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  • Anonymous

    Posted January 22, 2004

    This book stays with you

    I don't think I had seen the author's name before reading the review of the book in Times Literary Supplement. The reason may be that I am not a social scientist. But America the Virtuous crosses disciplinary boundaries. It speaks to me, a specialist in literarture. It is the opposite of a narrow political science tract. It deals with moral as well as political issues. I learnt a lot about American constitutionalism and how it is being transformed today. The book explains disturbing large currents in American society, not least in foreign policy. The book is so lucidly written that even its more philosophical sections should be intelligible to educated readers. The book is full of interesting ideas. Even when I found myself disagreeing, the book made me examine my own views. This is the kind of book that stays with you. It takes a while to absorb it. It is the kind of book you will eventually want to reread. I thought about giving it four stars, but I realized I would be holding a star back because I do not agree with the book completely and was a little irritated by it in places. I feel inclined to be generous. By the way, the TLS review does not convey the scope of the book. It deals with far more than issues of American empire.

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  • Anonymous

    Posted October 25, 2003

    America the Virtuous: The Crisis of Democracy and the Quest for Empire

    In a way I wish I had never read this book. It made me see some pretty disturbing things about the making of U.S. foreign policy and how America is changing. But to be able to act to change this situation you have to know the facts.

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  • Anonymous

    Posted October 25, 2003

    About time

    America the Virtuous has been needed for a long time. It explains why I have felt so frustrated for such a long trying to figure out what is happening to America. I can see now why we are in such bad shape and that we may go down the drain unless we change direction pretty drastically. I didn't understand all of these connections before. Now at least I can see what needs to happen if America is to return to some kind of sanity. I hope lots of people read this book. It will help us turn around. I felt invigorated by this book, and I think others others will too.

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  • Anonymous

    Posted October 1, 2003

    America the Virtuous: The Crisis of Democracy and the Quest for Empire

    This brand new book is an in-depth, highly provocative study of the transformation of American politics and society and the gradual erosion of constitutional and other restraints on power. It shows the quest for American empire to be symptomatic of a profound crisis of civilization that will be very difficult to overcome. This is a somber study but somehow constructive and cheerful at the same time.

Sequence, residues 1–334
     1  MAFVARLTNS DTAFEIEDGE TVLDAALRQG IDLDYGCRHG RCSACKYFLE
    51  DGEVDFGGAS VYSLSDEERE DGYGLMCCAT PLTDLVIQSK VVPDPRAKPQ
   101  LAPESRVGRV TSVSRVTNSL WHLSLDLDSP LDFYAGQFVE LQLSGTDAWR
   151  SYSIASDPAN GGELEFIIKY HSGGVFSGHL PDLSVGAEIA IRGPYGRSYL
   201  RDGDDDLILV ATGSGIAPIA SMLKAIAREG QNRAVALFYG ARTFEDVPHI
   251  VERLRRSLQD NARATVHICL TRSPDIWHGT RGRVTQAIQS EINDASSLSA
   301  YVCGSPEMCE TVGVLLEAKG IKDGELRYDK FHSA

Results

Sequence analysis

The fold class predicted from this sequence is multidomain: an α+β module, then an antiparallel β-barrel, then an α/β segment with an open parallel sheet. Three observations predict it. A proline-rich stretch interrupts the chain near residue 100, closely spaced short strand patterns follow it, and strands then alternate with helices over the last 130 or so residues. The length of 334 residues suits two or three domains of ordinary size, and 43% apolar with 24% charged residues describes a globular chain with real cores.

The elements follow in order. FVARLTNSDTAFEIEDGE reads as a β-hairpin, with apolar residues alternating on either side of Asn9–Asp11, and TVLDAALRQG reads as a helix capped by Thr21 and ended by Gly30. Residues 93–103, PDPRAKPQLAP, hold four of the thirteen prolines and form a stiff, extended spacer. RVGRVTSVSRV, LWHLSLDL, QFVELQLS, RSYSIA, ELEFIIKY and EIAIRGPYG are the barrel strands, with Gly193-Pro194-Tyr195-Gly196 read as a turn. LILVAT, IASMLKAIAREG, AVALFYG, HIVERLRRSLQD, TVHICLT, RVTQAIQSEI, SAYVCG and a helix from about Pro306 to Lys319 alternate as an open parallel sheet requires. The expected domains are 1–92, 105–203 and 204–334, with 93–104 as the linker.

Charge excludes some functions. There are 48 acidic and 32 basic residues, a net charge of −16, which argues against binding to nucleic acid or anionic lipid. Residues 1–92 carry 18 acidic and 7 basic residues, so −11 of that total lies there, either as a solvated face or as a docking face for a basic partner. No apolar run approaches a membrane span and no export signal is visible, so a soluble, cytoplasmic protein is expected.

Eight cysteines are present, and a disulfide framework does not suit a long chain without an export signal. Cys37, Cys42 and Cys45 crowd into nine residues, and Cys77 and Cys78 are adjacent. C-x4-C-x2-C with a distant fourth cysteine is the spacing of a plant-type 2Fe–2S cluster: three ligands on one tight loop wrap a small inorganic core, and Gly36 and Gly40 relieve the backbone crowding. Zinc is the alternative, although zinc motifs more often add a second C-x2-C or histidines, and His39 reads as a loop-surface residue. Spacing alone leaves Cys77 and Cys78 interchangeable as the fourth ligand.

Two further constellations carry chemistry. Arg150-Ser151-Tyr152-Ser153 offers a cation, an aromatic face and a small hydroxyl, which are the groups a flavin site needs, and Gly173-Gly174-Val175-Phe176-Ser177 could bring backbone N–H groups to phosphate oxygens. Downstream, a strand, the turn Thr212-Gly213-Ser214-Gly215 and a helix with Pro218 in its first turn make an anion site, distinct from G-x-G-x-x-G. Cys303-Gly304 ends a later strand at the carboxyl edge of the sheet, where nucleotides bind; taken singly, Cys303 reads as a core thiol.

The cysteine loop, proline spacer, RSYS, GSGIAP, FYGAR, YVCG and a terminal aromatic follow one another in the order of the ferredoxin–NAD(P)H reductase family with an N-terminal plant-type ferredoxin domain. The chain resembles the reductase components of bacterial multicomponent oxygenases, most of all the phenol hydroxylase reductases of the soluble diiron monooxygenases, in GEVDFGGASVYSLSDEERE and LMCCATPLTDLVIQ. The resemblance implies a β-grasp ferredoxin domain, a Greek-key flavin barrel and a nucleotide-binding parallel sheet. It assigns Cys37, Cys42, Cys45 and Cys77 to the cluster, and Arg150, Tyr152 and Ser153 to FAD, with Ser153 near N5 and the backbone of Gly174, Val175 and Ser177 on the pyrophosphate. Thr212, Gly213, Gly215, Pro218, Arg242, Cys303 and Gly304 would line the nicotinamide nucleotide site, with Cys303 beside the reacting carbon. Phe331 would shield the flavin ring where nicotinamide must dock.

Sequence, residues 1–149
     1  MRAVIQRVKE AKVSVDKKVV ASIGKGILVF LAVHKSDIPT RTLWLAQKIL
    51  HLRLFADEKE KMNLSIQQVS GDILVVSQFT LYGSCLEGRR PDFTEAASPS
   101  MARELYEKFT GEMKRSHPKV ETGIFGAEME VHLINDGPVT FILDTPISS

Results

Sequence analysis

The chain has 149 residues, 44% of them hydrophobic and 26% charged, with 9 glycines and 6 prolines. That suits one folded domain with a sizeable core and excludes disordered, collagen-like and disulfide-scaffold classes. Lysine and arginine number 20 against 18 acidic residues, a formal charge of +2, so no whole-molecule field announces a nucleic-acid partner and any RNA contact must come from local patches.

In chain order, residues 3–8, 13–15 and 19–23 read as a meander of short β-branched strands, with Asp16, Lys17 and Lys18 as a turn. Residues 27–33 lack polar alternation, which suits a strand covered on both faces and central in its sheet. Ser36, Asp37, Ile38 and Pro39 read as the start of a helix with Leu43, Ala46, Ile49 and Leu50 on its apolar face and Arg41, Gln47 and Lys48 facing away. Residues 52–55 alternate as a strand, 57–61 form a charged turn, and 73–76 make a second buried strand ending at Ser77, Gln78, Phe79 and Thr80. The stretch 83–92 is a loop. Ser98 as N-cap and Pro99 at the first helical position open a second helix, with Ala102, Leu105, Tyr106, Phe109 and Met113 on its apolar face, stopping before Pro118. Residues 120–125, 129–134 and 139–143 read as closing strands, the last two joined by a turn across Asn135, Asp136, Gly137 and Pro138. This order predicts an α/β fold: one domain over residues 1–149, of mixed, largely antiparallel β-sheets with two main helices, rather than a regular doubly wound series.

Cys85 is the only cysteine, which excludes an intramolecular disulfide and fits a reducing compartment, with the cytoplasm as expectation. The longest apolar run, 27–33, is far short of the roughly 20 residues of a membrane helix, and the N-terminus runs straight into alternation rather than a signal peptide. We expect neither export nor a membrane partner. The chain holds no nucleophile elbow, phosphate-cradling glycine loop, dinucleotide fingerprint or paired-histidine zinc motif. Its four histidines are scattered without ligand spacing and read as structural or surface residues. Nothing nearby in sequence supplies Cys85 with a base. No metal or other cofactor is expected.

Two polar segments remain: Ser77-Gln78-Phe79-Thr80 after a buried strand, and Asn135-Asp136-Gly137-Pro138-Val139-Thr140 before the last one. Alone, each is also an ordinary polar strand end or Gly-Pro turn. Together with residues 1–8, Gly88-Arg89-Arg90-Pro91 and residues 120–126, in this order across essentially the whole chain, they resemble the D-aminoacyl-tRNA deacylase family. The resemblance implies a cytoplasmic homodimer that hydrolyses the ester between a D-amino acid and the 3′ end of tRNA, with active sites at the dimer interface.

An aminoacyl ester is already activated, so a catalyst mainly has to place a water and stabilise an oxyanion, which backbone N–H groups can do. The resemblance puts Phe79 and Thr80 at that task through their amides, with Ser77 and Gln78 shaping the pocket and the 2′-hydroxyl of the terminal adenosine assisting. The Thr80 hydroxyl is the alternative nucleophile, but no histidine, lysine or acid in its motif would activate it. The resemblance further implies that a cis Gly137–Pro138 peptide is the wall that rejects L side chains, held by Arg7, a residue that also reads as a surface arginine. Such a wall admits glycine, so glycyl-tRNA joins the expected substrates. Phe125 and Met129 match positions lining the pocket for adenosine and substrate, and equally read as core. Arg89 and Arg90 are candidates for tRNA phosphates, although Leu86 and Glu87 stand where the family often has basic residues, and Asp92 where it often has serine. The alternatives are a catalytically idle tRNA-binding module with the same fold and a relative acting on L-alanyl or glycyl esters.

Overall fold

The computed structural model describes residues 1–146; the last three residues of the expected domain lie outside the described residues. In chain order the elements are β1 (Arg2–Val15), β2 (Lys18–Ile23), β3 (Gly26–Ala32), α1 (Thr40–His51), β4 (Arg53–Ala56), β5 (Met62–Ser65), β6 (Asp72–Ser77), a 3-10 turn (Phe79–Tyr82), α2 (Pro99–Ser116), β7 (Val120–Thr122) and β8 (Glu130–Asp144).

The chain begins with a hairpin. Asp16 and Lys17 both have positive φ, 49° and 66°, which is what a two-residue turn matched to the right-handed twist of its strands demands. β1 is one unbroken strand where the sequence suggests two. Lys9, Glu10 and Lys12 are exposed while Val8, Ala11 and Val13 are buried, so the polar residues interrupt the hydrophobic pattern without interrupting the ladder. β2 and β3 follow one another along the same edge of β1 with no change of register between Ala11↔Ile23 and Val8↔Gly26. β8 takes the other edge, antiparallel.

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  • Anonymous

    Posted October 14, 2003

    America the Virtuous: The Crisis of Democracy and the Quest for Empire

    This is the most illuminating study I have seen of how the push for empire came about. The book demonstrates that it didn't come out of nowhere but has been in preparation for a long time and been helped along by a weakening of the Constitution and a moral decline of American society. Does the president understand any of this?

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  • Anonymous

    Posted October 10, 2003

    America the Virtuous: The Crisis of Democracy and the Quest for Empire

    A nationally syndicated columnist just called this book a 'blockbuster.' But you get even more for your money than you might think from reading the ad. This book has 221 pages, not 156.

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  • Anonymous

    Posted October 11, 2003

    America the Virtuous: The Crisis of Democracy and the Quest for Empire

    This book you have to read. It is a real eye-opener. You will understand what is happening in America so much better. You may not agree with all of it, but it gives you a fresh perspective you will spend a long time thinking about.

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  • Anonymous

    Posted October 19, 2003

    America the Virtuous: The Crisis of Democracy and the Quest for Empire

    This book explains a lot of what is behind today's U.S. foreign policy, most of it not known at all to the American public. The book connects the push for empire to a general decline of American society and constitutional government. It is a sobering, even upsetting, book, but there is something invigorating about understanding what is really going on. The book has a really fresh point of view. At least I haven't run into it anywhere else.